Equity futures are slightly positive this morning on the back of a rapidly descending dollar. Bonds are higher, oil, gold, and silver are flat, while food commodities are slightly higher.
The futures appear to be making a rising wedge or bearish flag. If they stay within the confines of that flag over the next couple of days, then I will expect it to break downwards… but if it breaks upwards, it could still be creating a rising wedge and the upper boundary will have to be watched. Regardless, HFT fun and games are a given:
Speaking of HFT fun and games, the last week was the most volatile week in history point-wise, with 4 days of 400+ point swings on the DOW. What’s that telling you? That the markets are exactly what I’ve been saying all along – not real, highly manipulated, and mostly fluff. Why would any rational person “invest” in such a market? Beyond me, my advice is to get real, stay real, and tell the supposed experts who contributed to this nightmare where to go.
Think about it… The “Fed” creates massive quantities of money from nothing, we are spewing debt out all orifices, we raise the debt ceiling, the U.S. debt is downgraded… that results in what should be higher interest rates. But the “Fed” is creating money from nothing to buy bonds to keep interest rates artificially low. Can’t allow rates to rise because interest expense becomes tremendous – so they print more to buy more bonds. And the spiral continues.
Whenever that spiral is interrupted waves of deflation result. But because the “Fed” is in control and is not allowing the debt to clear, each wave of deflation is met with more printing, and thus the primary trend is inflation. Inflation is the death of all currencies throughout history, all of them – ours will be no exception that is painfully obvious.
Daily Thread commentator hsir135 posted a couple of good charts over the weekend that are a good reminder of the primary trend. The first is our current account deficit – of course it’s just a fraction of the total real deficit, but let’s live for a moment in the “Fed’s” fantastic lie:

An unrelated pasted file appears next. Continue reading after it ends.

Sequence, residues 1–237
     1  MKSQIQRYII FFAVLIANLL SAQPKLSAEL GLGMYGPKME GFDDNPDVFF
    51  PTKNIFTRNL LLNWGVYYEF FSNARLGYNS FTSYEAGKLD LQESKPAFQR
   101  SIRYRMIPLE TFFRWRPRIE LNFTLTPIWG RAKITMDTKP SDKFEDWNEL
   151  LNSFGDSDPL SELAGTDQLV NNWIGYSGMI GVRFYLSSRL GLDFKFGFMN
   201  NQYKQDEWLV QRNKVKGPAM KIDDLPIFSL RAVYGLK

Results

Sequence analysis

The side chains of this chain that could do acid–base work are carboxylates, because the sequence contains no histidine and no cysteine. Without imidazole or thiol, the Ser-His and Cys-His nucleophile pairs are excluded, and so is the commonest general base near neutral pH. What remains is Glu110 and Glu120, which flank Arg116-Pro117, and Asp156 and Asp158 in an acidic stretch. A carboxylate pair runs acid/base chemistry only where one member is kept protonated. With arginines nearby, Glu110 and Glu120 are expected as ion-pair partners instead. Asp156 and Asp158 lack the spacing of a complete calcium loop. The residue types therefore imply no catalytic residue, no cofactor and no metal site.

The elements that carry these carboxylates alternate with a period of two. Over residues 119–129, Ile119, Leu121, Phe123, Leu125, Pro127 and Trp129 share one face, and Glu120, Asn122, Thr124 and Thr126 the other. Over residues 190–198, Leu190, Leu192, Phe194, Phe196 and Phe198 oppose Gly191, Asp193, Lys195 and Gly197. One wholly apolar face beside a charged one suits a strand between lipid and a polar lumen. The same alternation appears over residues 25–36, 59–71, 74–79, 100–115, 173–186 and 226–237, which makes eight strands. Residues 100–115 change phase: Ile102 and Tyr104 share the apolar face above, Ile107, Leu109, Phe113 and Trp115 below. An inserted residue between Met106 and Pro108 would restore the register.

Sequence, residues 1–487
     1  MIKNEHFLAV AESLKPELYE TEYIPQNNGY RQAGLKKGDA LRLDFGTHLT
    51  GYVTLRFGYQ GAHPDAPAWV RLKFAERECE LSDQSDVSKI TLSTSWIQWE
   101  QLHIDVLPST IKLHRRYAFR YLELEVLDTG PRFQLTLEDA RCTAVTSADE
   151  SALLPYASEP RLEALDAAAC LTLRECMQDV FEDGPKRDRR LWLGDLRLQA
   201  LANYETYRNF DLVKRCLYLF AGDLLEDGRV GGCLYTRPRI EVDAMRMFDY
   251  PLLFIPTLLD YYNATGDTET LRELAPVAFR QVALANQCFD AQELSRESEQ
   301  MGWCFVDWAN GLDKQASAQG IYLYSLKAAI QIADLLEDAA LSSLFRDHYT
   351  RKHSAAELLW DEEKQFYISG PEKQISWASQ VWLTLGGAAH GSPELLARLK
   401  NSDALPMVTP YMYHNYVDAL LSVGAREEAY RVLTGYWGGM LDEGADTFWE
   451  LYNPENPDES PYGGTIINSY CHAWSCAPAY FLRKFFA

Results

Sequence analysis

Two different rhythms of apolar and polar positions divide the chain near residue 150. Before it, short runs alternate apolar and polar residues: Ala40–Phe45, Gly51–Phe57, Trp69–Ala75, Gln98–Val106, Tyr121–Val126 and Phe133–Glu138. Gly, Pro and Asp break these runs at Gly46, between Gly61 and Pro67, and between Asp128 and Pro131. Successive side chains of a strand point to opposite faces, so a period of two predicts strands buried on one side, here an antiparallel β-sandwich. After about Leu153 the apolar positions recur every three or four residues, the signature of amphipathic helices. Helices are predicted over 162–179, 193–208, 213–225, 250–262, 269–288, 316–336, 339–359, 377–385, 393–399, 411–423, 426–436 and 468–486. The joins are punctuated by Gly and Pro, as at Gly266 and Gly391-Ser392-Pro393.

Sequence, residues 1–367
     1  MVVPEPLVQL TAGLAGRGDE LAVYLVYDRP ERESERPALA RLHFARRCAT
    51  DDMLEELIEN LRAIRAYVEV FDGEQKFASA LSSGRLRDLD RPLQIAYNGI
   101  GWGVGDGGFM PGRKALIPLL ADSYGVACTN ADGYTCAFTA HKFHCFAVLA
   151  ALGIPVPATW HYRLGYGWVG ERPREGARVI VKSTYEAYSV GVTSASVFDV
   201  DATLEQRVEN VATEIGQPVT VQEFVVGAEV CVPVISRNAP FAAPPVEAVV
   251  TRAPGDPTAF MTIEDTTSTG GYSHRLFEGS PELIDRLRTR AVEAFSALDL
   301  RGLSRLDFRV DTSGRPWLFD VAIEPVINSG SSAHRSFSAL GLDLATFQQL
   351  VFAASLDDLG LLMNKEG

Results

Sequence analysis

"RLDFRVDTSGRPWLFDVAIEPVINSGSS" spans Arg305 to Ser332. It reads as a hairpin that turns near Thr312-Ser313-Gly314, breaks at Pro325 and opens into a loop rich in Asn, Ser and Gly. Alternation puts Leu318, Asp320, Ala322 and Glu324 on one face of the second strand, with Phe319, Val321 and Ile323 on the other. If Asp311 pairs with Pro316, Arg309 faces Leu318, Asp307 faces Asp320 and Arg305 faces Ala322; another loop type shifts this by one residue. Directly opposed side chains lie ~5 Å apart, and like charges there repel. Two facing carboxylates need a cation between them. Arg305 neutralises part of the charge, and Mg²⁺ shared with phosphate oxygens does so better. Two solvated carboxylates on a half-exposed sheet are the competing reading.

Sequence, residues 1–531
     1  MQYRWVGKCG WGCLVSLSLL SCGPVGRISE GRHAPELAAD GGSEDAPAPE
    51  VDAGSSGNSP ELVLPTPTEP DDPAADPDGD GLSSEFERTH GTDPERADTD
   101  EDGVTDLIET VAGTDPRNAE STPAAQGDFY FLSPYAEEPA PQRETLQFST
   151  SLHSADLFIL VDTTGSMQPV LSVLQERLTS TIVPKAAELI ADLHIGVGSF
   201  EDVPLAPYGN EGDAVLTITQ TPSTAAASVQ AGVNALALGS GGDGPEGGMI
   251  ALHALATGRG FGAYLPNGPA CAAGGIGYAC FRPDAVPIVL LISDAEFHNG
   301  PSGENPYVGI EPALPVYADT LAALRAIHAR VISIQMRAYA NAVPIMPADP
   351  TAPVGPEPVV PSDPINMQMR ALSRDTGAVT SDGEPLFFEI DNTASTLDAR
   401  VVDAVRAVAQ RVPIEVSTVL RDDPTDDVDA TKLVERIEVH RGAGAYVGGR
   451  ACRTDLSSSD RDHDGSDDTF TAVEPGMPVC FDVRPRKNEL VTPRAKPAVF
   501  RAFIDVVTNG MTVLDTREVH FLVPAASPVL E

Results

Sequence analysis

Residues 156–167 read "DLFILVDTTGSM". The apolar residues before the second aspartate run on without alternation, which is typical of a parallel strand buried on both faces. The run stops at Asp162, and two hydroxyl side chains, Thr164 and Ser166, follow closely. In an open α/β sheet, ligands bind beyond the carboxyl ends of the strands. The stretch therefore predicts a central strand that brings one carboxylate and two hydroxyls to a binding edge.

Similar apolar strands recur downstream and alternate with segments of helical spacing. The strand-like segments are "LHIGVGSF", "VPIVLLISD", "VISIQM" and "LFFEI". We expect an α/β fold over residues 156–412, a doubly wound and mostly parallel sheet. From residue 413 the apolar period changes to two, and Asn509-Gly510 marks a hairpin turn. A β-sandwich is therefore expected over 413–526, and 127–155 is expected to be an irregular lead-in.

The next chart shows the U.S. Current Account Deficit with the debt limit increases and also the price of gold. Amazing correlation there with gold, those who got real a long time ago have protected themselves, while those who bought into the paper fluff are left on a nauseating roller-coaster ride of fraud and deceit:
Remember, my opinion is that gold is acting to maintain its worth – that doesn’t mean it should be what backs our money. What’s far more important than WHAT backs our money is WHO is in control of creating it.
Speaking of waves of deflation, the Empire State Manufacturing Index took another header in August, falling from -3.76 to -7.72 when +1.0 was expected by the clowns. Here’s Econohope:
The first indications on the August manufacturing sector are strongly negative. The Empire State index fell nearly four points into more deeply negative territory, at minus 7.72 to indicate monthly contraction in general business conditions. Details show a third straight monthly contraction in new orders, down more than two points to minus 7.82. Unfilled orders are contracting very deeply, to minus 15.22 vs July's minus 12.22. With new orders on the slide and backlog having been worked down, the outlook for the region's shipments and employment is negative.